The lights are on
This editorial piece originally ran in December 2012 after Free Radical Design's Star Wars: Battlefront III was canceled. With the upcoming release of Star Wars Battlefront from EA and Battlefield developer DICE, we thought we'd take a look back at a time when gamers held out hope that the project would be revived by Free Radical or someone else. For more on the game, check out Reiner's story of the fall of LucasArts (including what went down with Battlefront III), as well as video footage of the title.
Some things you just can't let go. Our current fascination with the unreleased Star Wars: Battlefront III is just one example throughout video game history of gamers' love affair with what could of been and what likely will never be. I understand how easy it is to pine for a title you can't play, but I wish it would stop.
Maybe I'm just too practical, but I don't see anything to be gained by wishing for what's not going to be. Even in this day of Kickstarter and success stories like Xenoblade Chronicles finally being released for Wii owners, one thing that gets me is that if the game actually did come out with another developer other than Free Radical attached, then what? It will be too easy in that case to look at every "mistake" in the New Battlefront III and compare it to some hypothetical game that Free Radical never made in the first place, and fool ourselves into thinking that Free Radical would have done things different and/or better. And the likelihood of Free Rad's version somehow coming out are next to zero, BTW.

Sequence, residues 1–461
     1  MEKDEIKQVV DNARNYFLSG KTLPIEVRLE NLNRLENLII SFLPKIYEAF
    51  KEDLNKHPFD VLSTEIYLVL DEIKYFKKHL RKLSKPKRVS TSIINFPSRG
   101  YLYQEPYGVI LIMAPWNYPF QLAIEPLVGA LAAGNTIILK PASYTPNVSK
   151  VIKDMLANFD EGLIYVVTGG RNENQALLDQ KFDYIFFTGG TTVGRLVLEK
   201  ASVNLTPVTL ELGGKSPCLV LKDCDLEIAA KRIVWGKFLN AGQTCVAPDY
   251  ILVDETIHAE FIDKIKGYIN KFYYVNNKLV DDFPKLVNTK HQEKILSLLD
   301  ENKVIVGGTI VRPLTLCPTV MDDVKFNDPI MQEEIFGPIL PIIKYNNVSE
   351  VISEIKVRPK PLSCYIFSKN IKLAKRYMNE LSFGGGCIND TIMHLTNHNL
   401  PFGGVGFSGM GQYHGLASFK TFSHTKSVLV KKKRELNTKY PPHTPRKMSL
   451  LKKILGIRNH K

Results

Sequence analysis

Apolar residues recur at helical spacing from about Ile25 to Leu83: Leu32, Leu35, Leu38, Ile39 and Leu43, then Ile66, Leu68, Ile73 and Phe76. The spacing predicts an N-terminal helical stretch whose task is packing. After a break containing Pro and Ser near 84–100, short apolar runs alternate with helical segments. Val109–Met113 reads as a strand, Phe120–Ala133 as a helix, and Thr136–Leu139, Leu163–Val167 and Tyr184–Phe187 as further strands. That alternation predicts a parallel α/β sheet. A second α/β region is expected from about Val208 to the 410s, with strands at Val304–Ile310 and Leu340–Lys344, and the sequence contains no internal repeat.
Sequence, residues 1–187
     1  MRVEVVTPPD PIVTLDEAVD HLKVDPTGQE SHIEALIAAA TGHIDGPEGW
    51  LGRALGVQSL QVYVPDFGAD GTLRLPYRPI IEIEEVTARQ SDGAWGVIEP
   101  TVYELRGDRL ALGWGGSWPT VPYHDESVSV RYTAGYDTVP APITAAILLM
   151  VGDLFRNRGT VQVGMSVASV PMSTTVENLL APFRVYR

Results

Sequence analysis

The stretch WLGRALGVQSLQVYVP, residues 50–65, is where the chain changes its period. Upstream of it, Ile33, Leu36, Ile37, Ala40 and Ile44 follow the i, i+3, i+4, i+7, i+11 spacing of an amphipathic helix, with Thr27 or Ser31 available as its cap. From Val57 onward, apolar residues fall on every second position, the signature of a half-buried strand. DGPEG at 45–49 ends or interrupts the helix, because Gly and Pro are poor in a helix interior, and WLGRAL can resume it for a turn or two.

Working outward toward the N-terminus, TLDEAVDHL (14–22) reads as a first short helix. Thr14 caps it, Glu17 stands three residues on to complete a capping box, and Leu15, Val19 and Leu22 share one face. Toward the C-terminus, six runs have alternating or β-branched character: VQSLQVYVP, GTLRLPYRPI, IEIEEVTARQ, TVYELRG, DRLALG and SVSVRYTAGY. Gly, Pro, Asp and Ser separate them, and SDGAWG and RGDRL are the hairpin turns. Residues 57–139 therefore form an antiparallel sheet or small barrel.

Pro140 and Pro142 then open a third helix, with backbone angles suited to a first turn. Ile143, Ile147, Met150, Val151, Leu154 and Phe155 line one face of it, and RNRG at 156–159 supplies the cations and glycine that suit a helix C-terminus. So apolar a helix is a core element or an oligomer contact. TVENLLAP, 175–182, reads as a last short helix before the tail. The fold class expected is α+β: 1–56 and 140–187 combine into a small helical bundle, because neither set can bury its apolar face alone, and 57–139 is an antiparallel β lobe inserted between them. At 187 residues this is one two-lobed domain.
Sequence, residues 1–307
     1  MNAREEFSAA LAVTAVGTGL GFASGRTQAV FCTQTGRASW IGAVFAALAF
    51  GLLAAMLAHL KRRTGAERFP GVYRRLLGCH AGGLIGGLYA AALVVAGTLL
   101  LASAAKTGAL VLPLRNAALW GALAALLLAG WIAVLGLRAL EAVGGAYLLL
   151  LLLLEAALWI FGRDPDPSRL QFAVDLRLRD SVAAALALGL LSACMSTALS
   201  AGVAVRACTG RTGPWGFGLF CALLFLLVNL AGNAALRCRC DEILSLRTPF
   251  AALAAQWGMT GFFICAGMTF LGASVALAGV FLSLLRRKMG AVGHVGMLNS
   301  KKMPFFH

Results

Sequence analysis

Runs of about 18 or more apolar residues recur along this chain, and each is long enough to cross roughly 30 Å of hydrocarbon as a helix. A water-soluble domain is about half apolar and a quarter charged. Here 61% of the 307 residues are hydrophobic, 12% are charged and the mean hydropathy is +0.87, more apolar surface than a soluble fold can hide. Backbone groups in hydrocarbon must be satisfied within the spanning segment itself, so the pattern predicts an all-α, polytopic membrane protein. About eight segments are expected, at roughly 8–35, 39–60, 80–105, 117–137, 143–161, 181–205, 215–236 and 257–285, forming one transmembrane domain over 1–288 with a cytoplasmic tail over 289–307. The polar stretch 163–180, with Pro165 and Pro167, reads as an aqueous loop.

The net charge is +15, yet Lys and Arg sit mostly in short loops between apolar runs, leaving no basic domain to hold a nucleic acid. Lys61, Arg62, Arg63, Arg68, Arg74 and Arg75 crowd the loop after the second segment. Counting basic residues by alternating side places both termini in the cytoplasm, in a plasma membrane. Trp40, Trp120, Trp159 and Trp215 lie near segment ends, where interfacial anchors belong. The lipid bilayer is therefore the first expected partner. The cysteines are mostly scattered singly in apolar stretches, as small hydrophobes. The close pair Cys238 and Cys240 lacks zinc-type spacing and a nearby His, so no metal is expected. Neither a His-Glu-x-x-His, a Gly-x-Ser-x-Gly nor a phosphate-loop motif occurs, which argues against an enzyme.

There's so much that we don't know about the situation surrounding the game's development and demise. While I definitely love a good behind-the-scenes expose as much as the next person, the recent back-and-forth between Free Radical Steve Ellis and the anonymous LucasArts employee only goes to show that none of us know how the sausage is really made.
I don't fault anyone for their sincerity in wanting Star Wars: Battlefront III to see the light of day in the manner they think would be best, or people's optimism that they can influence the process in a positive manner. I certainly have opinions about how any given game could be better. The sticky thing with Battlefront III is that nobody knows were to start. Without knowing what the game would been like, how its gameplay would have felt, AI acted, feature-set performed, and any number of other variables that come into play during development, it can be foolish to project our own wishes onto an unfinished slate.
I'm pretty confident that one day we'll see another Battlefront title – it's a LucasArts property that's pretty good, which is something of a rarity over there. Until then, I'm going to spend my time thinking about games I'm already playing or ones that I actually have a chance of getting my hands on in the near future.
Life's too damn short to be trapped in delusions of grandeur.
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